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04-21-2011, 06:17 AM   #1
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Michigan State Police "search" cell phones during traffic stops

Michigan: Police Search Cell Phones During Traffic Stops

Evidently they are doing this during routine traffic stops, though they have failed to respond to a FOIA request for usage data from the ACLU.

Of course, some people will say that "if you have nothing to hide you should not have a problem with the police searching you or your belongings."

However, if you have done nothing wrong you should not be subject to the search in the first place. And speeding (or most other routine traffic infractions) is not generally evidence, or reason for suspicion, of other crimes.

I have no problem whatsoever with the police searching someone whom they reasonably and articulably suspect has committed a specific crime. I have no problem whatsoever of the police searching that person's belongings, to include their electronic devices. However, unless the crime is personally witnessed by the officer, a search warrant detailing exactly what is being sought is generally required. These cell phone searches seem to specifically ignore the requirement for a search warrant.

The police have no more right to our private data than anyone else does that we do not wish to share it with...

Thoughts?

Mike

04-21-2011, 06:46 AM   #2
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I agree with you, Mike. It has gotten even worse. We just had a judge here overturn the practice of the police in confiscating any "large" amounts of cash they find in your car. If they find several thousand dollars in cash, the Sheriff would just take it and not give it back without a fight even if you are never prosecuted for a crime.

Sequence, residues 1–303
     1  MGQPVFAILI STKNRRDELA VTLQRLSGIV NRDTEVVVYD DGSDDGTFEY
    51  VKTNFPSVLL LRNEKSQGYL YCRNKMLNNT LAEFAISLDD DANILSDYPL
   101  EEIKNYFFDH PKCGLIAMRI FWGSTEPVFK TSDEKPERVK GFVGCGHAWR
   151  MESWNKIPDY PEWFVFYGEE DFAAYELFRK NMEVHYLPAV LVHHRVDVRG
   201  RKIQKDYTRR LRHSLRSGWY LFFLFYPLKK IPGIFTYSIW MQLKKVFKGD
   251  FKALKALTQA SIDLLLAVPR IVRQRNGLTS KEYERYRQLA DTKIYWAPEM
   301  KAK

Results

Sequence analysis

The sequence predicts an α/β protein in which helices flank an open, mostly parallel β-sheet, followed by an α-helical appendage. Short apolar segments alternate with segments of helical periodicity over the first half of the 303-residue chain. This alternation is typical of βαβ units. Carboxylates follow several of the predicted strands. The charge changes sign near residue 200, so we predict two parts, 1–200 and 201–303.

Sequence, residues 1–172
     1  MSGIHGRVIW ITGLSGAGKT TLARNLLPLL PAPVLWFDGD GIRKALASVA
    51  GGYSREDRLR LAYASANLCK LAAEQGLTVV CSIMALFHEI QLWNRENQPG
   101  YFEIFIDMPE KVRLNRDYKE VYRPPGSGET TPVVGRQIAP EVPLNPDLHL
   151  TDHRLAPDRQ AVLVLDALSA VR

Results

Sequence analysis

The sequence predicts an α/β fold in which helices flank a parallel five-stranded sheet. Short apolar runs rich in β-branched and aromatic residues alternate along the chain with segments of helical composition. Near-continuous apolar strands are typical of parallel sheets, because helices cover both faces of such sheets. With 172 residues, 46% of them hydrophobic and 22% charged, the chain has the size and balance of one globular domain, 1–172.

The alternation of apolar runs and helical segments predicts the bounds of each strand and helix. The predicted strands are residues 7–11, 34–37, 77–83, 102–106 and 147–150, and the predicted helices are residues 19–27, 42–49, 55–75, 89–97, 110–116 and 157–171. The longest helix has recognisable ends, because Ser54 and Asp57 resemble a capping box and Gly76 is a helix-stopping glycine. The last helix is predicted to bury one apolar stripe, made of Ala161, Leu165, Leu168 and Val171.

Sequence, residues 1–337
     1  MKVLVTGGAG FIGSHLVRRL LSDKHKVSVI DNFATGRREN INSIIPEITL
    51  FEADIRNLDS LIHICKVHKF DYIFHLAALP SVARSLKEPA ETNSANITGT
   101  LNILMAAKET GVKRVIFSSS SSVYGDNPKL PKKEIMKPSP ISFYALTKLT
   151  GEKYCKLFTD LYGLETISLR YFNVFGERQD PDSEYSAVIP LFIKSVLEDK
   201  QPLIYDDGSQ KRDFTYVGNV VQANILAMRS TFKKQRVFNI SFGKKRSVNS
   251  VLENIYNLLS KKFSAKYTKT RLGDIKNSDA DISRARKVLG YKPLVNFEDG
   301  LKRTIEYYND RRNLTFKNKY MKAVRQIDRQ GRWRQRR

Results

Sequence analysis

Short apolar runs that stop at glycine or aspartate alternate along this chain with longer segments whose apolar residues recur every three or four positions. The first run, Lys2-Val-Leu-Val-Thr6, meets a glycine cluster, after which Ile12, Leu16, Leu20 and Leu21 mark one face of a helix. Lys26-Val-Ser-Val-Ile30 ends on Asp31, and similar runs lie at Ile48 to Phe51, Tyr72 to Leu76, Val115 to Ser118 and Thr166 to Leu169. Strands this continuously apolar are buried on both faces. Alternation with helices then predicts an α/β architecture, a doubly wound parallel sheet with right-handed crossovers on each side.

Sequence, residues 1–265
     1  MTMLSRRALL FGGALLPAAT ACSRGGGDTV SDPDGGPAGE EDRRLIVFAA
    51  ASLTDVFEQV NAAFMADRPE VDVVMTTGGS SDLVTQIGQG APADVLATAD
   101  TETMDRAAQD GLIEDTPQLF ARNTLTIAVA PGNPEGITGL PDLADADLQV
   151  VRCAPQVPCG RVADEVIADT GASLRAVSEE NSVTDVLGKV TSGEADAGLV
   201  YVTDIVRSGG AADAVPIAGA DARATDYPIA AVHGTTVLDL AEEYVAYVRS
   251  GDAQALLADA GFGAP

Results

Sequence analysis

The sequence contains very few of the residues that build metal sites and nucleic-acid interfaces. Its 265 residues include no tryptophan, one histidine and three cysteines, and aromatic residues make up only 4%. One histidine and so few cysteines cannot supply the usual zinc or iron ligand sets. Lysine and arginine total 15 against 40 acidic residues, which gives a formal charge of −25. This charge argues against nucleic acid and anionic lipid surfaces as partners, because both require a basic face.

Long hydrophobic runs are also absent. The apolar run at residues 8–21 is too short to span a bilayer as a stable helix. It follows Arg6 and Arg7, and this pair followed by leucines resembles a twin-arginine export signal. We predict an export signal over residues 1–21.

I get it about forfeitures of drug money from convicted drug dealers. However, this resulted in a forfeiture for living on cash.
04-21-2011, 07:08 AM   #3
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Nothing around here surprises me, considering our choice of governor.
Confiscating land and information. Easy peasy.
Tip of an iceberg?
04-21-2011, 07:34 AM   #4
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From the article it doesn't sound like they are forcing people to hand over their phone, but suggesting that they do. This is a typical thing the police will do when they pull you over. "So, where were you heading so quickly" "You're from out of town, may I ask what brought you here to visit." "Mind if I check in the trunk" etc. They are always trying to push the limits of what they can ask and search to gather more information. The whole "if you have nothing to hide" argument is bogus since very few of us know all of the laws and would have no idea if we've unintentionally done something illegal. The best advice is what most lawyers will give you, keep your mouth shut unless someone who knows the law is in the same room with you and the cop.